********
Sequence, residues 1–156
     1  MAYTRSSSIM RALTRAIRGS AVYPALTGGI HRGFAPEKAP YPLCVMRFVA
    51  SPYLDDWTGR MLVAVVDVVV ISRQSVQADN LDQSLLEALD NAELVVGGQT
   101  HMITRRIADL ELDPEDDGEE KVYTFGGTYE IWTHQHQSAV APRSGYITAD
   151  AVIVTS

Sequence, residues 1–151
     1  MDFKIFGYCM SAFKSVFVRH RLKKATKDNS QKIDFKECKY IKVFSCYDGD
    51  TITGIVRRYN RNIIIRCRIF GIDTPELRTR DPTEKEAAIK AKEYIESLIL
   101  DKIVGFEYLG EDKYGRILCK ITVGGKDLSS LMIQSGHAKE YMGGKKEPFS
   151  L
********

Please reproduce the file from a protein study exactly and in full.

Sequence, residues 1–156
     1  MAYTRSSSIM RALTRAIRGS AVYPALTGGI HRGFAPEKAP YPLCVMRFVA
    51  SPYLDDWTGR MLVAVVDVVV ISRQSVQADN LDQSLLEALD NAELVVGGQT
   101  HMITRRIADL ELDPEDDGEE KVYTFGGTYE IWTHQHQSAV APRSGYITAD
   151  AVIVTS

Sequence, residues 1–151
     1  MDFKIFGYCM SAFKSVFVRH RLKKATKDNS QKIDFKECKY IKVFSCYDGD
    51  TITGIVRRYN RNIIIRCRIF GIDTPELRTR DPTEKEAAIK AKEYIESLIL
   101  DKIVGFEYLG EDKYGRILCK ITVGGKDLSS LMIQSGHAKE YMGGKKEPFS
   151  L